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Berhalter remains eligible to coach USMNT after investigation

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Gregg Berhalter remains a candidate to again coach the US men's soccer team in the wake of an independent probe into allegations of domestic abuse, the US Soccer Federation said Monday.

The three-month probe conducted by Alston & Bird law firm was launched in January after it was alerted to a 1992 incident in which Berhalter kicked his future wife, Rosalind, while they were in college and dating.

Berhalter had admitted to the "shameful" incident and the investigation concluded he had not committed any additional acts of violence.

"Given the investigators' conclusion that there is no legal impediment to employing him, Gregg Berhalter remains a candidate to serve as head coach of the Men’s National Team," US Soccer said in a statement.

Berhalter had guided the United States on what was broadly regarded as a successful World Cup campaign last year, the team making it to the last-16 in Qatar.

But an acrimonious feud between Berhalter and Borussia Dortmund star Gio Reyna, who was barely used in Qatar, exploded into public view when it emerged that Reyna had almost been sent home after a lacklustre approach to training.

Berhalter effectively confirmed the reports in remarks at a conference on "moral leadership" after the World Cup.

Reyna was angered by those public comments and in a further twist it emerged that US Soccer had been alerted to the 1992 incident by the player's parents. His father, Claudio Reyna, is a former US captain and team-mate of Berhalter.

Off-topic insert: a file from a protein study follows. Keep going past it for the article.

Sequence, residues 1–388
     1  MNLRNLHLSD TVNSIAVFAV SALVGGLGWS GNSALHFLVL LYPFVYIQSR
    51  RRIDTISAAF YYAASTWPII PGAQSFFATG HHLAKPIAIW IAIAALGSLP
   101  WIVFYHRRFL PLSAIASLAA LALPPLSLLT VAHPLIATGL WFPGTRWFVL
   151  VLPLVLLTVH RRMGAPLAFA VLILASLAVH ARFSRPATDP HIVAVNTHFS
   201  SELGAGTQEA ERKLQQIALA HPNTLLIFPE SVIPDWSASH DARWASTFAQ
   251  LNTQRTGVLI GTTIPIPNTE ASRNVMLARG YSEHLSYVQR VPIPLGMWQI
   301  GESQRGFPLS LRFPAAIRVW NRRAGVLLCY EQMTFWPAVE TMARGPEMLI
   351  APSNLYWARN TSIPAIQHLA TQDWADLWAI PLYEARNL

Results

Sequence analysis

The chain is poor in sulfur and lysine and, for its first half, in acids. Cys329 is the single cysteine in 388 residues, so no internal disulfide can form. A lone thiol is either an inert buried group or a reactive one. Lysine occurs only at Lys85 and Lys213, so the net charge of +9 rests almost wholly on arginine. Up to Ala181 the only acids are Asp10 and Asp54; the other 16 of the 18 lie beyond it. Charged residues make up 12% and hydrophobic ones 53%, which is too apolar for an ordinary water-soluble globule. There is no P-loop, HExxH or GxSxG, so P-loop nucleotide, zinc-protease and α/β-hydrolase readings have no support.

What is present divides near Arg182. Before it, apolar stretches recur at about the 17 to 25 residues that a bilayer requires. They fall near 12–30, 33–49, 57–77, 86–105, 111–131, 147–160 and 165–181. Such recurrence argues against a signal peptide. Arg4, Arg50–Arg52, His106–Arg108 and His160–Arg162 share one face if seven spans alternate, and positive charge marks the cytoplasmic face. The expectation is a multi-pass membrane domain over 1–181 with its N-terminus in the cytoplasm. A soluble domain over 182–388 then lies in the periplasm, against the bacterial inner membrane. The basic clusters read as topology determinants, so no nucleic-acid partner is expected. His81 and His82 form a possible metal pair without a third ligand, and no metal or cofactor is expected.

The firm concluded the Reynas were not guilty of extortion in the matter. The investigation did show, however, that Claudio Reyna had a "pattern of periodic outreach" to federation officials, primarily in regards to the treatment of his son.

Berhalter's coaching contract expired on December 31 and World Cup assistant Anthony Hudson oversaw a January national training camp.

While Berhalter remains in the running to get the job back, US Soccer said it would not hire a coach until it appoints a new sporting director, a position that oversees all national teams.

Earnie Stewart left that job in February.

"US Soccer's process for determining who will serve as Sporting Director is ongoing, and interviews are underway," the federation said Monday. "The Sporting Director will lead the process of determining who will serve as head coach of the Men’s National Team."

The governing body also noted that the report "identifies a need to revisit US Soccer's policies concerning appropriate parental conduct and communications with staff at the National team level.

"We will be updating those policies as we continue to work to ensure safe environments for all participants in our game," US Soccer said.

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